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Ice Cream Trail

Trekking across the Granite State scoop by scoop

2013 New Hampshire Ice Cream Trail

1. Arctic Dreams, New London
2. Arnie's Place, Concord
3. At The Hop Ice Cream Shop, Bath
4. Beech Hill Farm And Ice Cream Barn, Hopkinton
5. Bishop's Homemade Ice Cream, Littleton
6. Blake's Restaurant & Ice Cream, Manchester
7. Blake's Restaurant & Ice Cream, Manchester
8. Bloom'n Cow Ice Cream & Gelato, Newmarket
9. Brick House Drive-In Restaurant, Hooksett
10. Connolly Brothers Dairy Farm, Temple
11. Country Brook Farms, Hudson
12. Devriendt Farm Products, Goffstown
13. Dewey's Ice Cream Parlor And Café, Center Harbor
14. Dips Frozen Yogurt, Concord
15. Dodge Farms Ice Cream And Garden Stand, New Boston
16. Gould Hill Farm, Hopkinton
17. Granite State Candy Shoppe & Ice Cream, Concord
18. Hayward's Ice Cream, Nashua
19. High Tide Takeout, Hillsborough
20. Ice Cream Fore-U, West Lebanon
21. Intervale Ice Cream, Henniker
22. Jim's Ice Cream Barn, Salem
23. Leavitt's Ice Cream, Atkinson
24. Memories Ice Cream, Kingston
25. Morano Gelato, Hanover
26. Nana's Snack Shack, Weare
27. Peach Tree Farm, Salem
28. Richardson's Farm, Boscawen
29. Rumney Village Store, Rumney
30. Sanctuary Dairy Farm Ice Cream, Sunapee
31. Shibley's Drive In, Alton Bay
32. Stuart & John's Sugar House Restaurant, Westmoreland
33. Sugar & Ice Creamery, Barrington
34. Sugar & Ice Creamery, Exeter
35. Summer Freeze, Concord
36. The Big 1 Ice Cream Stand, Nashua
37. The Mill Fudge Factory & Ice Cream Café, Bristo
38. Walpole Scoop Shop, Walpole
39. Wicked Good Dairy Delites, North Haverhill

HOPKINTON -- As the heat settles thickly over the Granite State, it's a perfect time to cool off by taking a trip along the New Hampshire Ice Cream Trail.

Created by Granite State Dairy Promotion and the Department of Agriculture, the 2013 New Hampshire Ice Cream Trail features 39 scoop shops that serve up locally made, and in some cases homemade, ice cream.

According to Amy Hall, director of Granite State Dairy Promotion, each year invitations are sent to ice cream shops across the state to participate in expanding the ice cream trail to all corners of New Hampshire. As long as the shops sell ice cream made in New England, they're welcome to have their businesses included on the map, which is available online and at welcome centers around the state.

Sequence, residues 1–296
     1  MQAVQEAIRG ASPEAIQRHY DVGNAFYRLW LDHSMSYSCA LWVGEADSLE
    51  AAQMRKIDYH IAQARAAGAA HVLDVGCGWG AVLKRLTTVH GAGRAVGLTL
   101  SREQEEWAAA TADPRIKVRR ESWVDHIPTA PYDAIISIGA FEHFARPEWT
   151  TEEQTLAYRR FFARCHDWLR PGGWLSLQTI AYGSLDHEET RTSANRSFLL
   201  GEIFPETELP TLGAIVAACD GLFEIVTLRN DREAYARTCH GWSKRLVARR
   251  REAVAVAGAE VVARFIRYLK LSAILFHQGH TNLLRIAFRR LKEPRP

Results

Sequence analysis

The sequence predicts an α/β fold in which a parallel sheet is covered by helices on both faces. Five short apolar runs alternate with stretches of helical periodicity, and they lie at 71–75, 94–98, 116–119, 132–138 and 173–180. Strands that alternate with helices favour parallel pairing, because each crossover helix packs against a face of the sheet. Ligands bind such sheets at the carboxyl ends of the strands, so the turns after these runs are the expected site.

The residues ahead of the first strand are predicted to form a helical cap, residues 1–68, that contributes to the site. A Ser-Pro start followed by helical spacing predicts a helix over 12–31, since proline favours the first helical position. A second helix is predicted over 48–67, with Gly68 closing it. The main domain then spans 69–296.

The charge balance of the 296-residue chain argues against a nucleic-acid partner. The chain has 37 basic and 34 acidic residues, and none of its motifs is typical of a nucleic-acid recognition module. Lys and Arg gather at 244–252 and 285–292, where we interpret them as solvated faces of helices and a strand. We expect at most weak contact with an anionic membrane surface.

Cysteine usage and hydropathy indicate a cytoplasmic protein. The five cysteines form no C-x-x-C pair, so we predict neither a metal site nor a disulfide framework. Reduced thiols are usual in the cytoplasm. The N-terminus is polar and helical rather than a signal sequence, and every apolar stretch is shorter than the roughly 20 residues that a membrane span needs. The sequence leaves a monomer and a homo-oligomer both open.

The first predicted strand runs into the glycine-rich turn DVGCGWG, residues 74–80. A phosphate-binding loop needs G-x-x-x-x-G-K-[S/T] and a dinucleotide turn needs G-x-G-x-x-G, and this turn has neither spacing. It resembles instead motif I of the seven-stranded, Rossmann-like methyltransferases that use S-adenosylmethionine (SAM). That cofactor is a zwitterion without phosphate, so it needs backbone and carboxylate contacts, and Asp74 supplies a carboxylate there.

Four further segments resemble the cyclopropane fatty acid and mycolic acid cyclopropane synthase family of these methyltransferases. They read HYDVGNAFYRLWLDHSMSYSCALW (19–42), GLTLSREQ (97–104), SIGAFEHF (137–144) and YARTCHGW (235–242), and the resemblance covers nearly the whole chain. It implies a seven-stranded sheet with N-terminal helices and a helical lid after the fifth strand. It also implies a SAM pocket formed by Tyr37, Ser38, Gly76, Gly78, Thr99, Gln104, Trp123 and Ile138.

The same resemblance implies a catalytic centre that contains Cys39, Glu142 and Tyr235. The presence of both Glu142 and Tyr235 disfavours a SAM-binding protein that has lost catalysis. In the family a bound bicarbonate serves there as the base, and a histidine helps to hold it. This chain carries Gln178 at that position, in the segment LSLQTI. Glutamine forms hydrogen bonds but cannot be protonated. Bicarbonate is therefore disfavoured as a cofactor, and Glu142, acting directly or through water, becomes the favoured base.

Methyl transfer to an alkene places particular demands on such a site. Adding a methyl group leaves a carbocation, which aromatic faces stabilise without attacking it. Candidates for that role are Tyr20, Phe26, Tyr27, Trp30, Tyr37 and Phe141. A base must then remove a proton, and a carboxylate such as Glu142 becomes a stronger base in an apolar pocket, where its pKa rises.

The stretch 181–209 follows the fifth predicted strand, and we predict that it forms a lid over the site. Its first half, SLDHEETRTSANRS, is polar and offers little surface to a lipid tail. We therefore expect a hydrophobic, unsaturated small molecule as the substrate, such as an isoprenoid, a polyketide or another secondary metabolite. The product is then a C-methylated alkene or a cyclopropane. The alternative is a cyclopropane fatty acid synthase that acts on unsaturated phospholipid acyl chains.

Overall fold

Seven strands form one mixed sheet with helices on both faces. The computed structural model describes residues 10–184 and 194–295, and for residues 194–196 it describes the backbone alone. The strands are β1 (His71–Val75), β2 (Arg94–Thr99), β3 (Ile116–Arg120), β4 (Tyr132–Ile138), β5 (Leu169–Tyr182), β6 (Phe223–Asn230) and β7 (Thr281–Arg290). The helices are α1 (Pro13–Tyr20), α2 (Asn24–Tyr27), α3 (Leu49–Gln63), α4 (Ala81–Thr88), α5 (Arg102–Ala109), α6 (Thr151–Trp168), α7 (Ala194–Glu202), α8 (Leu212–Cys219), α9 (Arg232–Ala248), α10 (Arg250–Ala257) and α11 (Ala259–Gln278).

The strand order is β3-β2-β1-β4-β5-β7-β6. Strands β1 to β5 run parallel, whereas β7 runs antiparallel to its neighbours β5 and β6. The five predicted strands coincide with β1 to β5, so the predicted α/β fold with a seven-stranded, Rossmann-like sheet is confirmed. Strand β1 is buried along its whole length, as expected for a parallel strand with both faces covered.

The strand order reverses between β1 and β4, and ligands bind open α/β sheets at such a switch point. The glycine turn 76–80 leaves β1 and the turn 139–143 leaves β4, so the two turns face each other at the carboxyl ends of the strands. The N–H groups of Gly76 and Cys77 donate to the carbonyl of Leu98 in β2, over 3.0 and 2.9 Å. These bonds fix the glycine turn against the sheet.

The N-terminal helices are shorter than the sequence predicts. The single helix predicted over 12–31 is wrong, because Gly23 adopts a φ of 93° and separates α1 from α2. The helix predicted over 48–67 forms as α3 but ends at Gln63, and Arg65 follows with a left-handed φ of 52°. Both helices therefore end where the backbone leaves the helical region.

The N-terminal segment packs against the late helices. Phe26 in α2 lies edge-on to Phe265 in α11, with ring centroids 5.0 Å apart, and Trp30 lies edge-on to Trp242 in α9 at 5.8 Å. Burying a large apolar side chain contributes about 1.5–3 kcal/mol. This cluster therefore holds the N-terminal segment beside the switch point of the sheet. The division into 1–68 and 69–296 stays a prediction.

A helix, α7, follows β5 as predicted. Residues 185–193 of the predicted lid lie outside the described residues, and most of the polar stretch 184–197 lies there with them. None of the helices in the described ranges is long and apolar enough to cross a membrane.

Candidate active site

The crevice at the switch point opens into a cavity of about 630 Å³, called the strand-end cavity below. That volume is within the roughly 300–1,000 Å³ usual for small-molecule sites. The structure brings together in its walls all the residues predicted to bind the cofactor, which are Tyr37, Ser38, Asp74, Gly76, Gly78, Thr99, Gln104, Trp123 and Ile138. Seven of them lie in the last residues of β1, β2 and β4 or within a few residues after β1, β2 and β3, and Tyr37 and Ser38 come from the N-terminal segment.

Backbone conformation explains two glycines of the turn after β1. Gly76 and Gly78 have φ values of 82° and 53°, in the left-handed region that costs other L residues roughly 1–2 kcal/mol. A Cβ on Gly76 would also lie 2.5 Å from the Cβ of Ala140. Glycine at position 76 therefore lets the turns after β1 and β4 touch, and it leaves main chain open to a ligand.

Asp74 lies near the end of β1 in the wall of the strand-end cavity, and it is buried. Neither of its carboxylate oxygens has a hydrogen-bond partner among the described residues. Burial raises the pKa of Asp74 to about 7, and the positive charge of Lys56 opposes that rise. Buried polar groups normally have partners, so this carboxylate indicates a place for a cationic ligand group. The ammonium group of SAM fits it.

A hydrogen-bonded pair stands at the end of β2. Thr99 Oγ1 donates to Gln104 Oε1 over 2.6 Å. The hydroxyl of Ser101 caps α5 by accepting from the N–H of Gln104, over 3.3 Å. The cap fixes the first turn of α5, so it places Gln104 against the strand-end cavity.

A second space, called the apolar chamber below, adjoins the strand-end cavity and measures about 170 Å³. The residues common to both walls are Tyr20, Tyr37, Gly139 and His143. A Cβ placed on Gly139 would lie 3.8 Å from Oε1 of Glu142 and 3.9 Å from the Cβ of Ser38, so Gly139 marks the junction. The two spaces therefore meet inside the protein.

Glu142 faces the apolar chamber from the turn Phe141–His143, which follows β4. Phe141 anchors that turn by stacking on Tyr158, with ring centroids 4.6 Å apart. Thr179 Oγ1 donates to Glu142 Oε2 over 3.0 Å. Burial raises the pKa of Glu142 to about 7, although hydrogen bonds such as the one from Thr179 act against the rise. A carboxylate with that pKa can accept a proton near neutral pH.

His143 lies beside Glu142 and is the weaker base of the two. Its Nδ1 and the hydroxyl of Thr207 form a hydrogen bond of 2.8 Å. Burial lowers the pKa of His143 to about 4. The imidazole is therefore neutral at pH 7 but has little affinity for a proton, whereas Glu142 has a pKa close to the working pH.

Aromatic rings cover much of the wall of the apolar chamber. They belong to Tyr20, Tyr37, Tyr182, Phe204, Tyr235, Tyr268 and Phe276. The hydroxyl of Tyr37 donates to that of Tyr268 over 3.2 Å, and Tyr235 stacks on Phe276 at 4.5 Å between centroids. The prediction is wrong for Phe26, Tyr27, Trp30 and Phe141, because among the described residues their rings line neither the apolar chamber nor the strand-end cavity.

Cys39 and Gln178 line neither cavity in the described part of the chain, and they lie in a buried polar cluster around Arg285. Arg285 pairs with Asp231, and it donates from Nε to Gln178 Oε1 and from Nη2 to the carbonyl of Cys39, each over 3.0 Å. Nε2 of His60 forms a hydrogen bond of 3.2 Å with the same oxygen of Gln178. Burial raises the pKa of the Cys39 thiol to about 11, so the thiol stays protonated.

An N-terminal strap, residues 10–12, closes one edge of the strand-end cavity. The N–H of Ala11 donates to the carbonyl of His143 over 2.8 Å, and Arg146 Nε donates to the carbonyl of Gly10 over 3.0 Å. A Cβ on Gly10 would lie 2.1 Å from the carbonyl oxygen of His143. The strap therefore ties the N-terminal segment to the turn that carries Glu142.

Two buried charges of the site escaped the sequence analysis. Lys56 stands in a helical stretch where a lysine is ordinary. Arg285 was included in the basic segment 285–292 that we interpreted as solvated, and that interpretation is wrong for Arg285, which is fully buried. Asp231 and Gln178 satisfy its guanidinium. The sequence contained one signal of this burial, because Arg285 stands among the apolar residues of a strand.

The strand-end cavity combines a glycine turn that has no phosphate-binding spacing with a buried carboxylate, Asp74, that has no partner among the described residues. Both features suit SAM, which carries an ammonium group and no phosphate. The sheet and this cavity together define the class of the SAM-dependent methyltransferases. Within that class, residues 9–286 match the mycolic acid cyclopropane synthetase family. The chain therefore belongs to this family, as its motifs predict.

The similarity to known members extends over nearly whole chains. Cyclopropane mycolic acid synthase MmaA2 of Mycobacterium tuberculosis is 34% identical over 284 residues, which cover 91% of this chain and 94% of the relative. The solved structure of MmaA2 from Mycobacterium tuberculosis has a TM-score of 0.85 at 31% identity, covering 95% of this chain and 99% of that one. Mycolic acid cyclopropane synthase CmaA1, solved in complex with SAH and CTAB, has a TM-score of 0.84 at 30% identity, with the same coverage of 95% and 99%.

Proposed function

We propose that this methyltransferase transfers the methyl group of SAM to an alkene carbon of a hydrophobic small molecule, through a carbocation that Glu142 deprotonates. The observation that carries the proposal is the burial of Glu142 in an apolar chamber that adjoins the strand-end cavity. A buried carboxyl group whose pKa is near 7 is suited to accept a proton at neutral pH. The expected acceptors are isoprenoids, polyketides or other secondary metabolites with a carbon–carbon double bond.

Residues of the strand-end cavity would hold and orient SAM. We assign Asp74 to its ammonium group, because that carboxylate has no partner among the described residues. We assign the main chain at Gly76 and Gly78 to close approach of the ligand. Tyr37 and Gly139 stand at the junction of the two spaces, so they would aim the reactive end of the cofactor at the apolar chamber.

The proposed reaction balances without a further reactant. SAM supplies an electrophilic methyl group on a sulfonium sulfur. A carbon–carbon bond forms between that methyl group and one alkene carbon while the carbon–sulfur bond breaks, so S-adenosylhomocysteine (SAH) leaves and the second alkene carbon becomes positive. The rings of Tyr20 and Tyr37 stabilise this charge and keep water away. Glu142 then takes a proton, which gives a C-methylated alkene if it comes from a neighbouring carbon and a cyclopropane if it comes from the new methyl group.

"It's a map that weaves and winds its way through the state pinpointing places to find the best ice cream," said Hall. "Most people don't realize dairy is a regional product. When you purchase ice cream from a local shop or owner, you're directly supporting family-owned dairy farms in New Hampshire and New England. You're also supporting small business owners."

In Hopkinton, the Ice Cream Trail leads to Beech Hill Farm and Ice Cream Barn, where the Kimball family has been working since 1771, said Holly Kimball.

For years, the Kimballs made and sold their own ice cream and kept a herd of dairy cows, but when the economy took its toll on milk producers in New Hampshire, the family was left with two options: They could sell the farm and its land and just let it go, or they could change their focus from dairy farming to agritourism. They chose the latter.

"The Kimballs are the epitome of agritourism in New Hampshire," said Hall.

At the farm, the dairy barn has been turned into the Ice Cream Barn, where 77 flavors of ice cream and frozen yogurt from Richardson's and Blake's, two of the larger producers in New England, are served.

Folks can shop for plants, pet goats, or watch the sunset over the fields at Beech Hill Farm while eating their cones or make-your-own sundaes.

The map also includes shops where the ice cream is made on site, including Walpole Creamery, Connolly Brothers in Temple, Wicked Good Dairy Delites in North Haverhill and Bishop's in Littleton.

"It's a lot of extra work to make our own ice cream," said Barbara Quinn, who owns Bishop's with her husband Jim. "But that's what it's all about in New Hampshire."

Quinn said she loves the Ice Cream Trail, which brings in people who wouldn't normally stop by to try one of the 22 handmade flavors of ice cream Jim creates each day.

"Being in the North Country, we're sometimes the forgotten part of the state," she said. "But we love that map because it helps people from the southern tier of New Hampshire know we're here."

Quinn said she believes everyone who likes to wander throughout the Granite State should have a copy of the Ice Cream Trail map in their glove compartments.

"It just leads you to all kinds of interesting places and lots of really good ice cream," she said.

The map can be found online at